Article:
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Abstracts, introductions and discussions: How far do they differ in style?

Author

Listed:
  • James Hartley

    (University of Keele)

  • James W. Pennebaker

    (University of Texas)

  • Claire Fox

    (University of Keele)

Abstract

Two computer-based style programs were used to analyse the Abstracts, Introductions and Discussions of 80 educational psychology journal articles. Measures were made of the overall readability of the texts as well as of sentence lengths, difficult and unique words, articles, prepositions and pronouns. The results showed that the Abstracts scored worst on most of these measures of readability, the Introductions came next, and the Discussions did best of all. However, although the mean scores between the sections differed, the authors wrote in stylistically consistent ways across the sections. Thus readability was variable across the sections but consistent within the authors.

Suggested Citation

  • James Hartley & James W. Pennebaker & Claire Fox, 2003. "Abstracts, introductions and discussions: How far do they differ in style?," Scientometrics, Springer;Akadémiai Kiadó, vol. 57(3), pages 389-398, July.
  • Handle: RePEc:spr:scient:v:57:y:2003:i:3:d:10.1023_a:1025008802657
    DOI: 10.1023/A:1025008802657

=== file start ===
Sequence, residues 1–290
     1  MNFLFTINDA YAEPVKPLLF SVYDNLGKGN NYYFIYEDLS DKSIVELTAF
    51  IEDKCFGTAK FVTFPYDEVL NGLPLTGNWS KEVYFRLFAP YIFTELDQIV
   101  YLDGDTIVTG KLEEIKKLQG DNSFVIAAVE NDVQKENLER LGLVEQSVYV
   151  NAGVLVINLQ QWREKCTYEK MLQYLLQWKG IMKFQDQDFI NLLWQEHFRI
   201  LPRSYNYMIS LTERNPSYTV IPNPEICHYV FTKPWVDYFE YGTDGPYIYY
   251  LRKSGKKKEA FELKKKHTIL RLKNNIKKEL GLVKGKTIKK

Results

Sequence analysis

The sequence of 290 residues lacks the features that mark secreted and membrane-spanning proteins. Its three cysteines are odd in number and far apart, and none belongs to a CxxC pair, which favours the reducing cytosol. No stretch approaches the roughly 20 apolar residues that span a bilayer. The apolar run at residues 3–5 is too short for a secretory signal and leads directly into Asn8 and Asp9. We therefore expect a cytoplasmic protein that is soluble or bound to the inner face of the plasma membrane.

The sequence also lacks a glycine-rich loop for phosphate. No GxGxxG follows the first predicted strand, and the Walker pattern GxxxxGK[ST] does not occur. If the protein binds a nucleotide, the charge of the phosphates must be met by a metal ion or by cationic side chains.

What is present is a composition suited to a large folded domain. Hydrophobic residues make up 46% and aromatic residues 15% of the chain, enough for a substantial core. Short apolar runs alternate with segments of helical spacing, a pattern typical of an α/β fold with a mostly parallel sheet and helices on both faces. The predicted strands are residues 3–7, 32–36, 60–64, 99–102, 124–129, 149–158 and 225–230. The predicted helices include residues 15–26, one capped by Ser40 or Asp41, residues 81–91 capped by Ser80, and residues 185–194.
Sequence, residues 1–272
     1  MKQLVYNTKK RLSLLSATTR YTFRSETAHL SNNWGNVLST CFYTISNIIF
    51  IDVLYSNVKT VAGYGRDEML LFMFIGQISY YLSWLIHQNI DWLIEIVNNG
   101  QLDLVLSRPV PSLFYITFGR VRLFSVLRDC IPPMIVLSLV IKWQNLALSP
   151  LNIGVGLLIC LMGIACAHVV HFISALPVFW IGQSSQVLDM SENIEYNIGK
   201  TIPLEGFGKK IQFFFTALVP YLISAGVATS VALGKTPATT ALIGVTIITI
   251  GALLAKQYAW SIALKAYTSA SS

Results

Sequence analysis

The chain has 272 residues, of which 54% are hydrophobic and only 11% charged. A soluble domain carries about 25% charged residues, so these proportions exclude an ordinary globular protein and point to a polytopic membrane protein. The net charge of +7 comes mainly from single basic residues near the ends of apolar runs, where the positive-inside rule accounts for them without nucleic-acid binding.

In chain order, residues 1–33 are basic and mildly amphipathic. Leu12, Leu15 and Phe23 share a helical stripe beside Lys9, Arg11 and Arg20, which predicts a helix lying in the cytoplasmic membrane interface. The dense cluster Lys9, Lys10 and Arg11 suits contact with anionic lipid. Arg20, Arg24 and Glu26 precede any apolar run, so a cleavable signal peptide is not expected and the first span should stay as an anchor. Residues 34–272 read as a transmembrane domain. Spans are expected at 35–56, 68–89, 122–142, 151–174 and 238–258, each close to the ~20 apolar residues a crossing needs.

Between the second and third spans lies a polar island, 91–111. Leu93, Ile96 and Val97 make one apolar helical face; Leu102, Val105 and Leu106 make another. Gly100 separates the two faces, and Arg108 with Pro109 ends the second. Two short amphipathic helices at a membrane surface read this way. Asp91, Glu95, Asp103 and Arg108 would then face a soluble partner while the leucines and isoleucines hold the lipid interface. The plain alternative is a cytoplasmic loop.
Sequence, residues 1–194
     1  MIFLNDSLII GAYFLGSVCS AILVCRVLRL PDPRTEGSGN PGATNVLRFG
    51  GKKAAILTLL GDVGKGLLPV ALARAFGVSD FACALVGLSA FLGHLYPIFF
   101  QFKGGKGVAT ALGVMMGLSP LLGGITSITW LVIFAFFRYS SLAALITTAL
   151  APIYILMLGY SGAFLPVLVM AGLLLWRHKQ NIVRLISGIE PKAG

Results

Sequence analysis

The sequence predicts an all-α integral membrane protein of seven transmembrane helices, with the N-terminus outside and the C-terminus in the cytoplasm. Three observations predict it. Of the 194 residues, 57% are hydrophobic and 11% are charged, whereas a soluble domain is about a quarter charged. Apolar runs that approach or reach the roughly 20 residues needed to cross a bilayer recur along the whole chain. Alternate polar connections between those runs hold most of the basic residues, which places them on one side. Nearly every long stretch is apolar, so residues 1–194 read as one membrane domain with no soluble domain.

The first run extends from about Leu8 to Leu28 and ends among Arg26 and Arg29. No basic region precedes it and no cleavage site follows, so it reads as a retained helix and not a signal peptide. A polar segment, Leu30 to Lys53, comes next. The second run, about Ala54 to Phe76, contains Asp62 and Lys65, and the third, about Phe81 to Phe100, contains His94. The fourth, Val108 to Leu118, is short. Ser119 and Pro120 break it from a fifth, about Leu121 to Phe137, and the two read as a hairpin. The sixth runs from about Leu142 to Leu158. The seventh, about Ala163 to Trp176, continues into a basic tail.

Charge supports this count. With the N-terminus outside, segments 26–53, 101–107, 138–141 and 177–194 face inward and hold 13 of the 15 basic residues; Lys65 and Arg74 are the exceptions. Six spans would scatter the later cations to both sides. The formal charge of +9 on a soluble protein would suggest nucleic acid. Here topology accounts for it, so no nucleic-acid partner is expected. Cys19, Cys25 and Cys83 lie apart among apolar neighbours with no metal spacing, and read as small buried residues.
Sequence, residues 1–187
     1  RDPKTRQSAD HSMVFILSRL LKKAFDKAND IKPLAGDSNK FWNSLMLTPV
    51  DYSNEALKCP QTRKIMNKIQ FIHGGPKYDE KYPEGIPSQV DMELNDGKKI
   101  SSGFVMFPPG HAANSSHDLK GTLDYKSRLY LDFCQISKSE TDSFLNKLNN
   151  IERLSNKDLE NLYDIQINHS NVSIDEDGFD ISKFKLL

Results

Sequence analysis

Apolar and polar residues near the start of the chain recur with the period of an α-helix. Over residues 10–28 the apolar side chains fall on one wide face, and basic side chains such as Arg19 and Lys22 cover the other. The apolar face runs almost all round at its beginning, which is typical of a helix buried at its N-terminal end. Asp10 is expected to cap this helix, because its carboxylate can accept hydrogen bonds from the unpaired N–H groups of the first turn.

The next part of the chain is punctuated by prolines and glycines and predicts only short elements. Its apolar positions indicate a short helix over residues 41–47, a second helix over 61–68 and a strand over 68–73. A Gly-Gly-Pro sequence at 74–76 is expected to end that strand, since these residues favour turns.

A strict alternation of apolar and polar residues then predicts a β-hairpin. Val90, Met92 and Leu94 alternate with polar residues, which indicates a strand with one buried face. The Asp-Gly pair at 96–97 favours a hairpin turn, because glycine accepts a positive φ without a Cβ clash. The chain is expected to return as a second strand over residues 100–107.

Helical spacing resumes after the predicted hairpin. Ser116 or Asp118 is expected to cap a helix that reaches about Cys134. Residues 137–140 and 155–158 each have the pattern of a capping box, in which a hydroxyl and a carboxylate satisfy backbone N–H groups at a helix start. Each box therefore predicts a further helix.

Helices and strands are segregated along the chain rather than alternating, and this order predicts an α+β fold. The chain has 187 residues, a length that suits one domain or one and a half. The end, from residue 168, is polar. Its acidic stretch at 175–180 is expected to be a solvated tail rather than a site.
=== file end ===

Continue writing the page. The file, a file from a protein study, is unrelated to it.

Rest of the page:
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    Citations

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    Cited by:

    1. Edoardo Magnone, 2014. "A novel graphical representation of sentence complexity: the description and its application," Scientometrics, Springer;Akadémiai Kiadó, vol. 98(2), pages 1301-1329, February.
    2. Lutz Bornmann & Markus Wolf & Hans-Dieter Daniel, 2012. "Closed versus open reviewing of journal manuscripts: how far do comments differ in language use?," Scientometrics, Springer;Akadémiai Kiadó, vol. 91(3), pages 843-856, June.
    3. Omar Mubin & Dhaval Tejlavwala & Mudassar Arsalan & Muneeb Ahmad & Simeon Simoff, 2018. "An assessment into the characteristics of award winning papers at CHI," Scientometrics, Springer;Akadémiai Kiadó, vol. 116(2), pages 1181-1201, August.
    4. Dowling, Michael & Hammami, Helmi & Zreik, Ousayna, 2018. "Easy to read, easy to cite?," Economics Letters, Elsevier, vol. 173(C), pages 100-103.
    5. Meva Bayrak Karsli & Sinem Karabey & Nergiz Ercil Cagiltay & Yuksel Goktas, 2018. "Comparison of the discussion sections of PhD dissertations in educational technology: the case of Turkey and the USA," Scientometrics, Springer;Akadémiai Kiadó, vol. 117(3), pages 1381-1403, December.
    6. Berninger, Marc & Kiesel, Florian & Schiereck, Dirk & Gaar, Eduard, 2021. "Citations and the readers’ information-extracting costs of finance articles," Journal of Banking & Finance, Elsevier, vol. 131(C).
    7. Diego Marino Fages, 2020. "Write better, publish better," Scientometrics, Springer;Akadémiai Kiadó, vol. 122(3), pages 1671-1681, March.
    8. Christos Alexakis & Michael Dowling & Konstantinos Eleftheriou & Michael Polemis, 2021. "Textual Machine Learning: An Application to Computational Economics Research," Computational Economics, Springer;Society for Computational Economics, vol. 57(1), pages 369-385, January.
    9. Naser Rashidi & Hussein Meihami, 2018. "Informetrics of Scientometrics abstracts: a rhetorical move analysis of the research abstracts published in Scientometrics journal," Scientometrics, Springer;Akadémiai Kiadó, vol. 116(3), pages 1975-1994, September.

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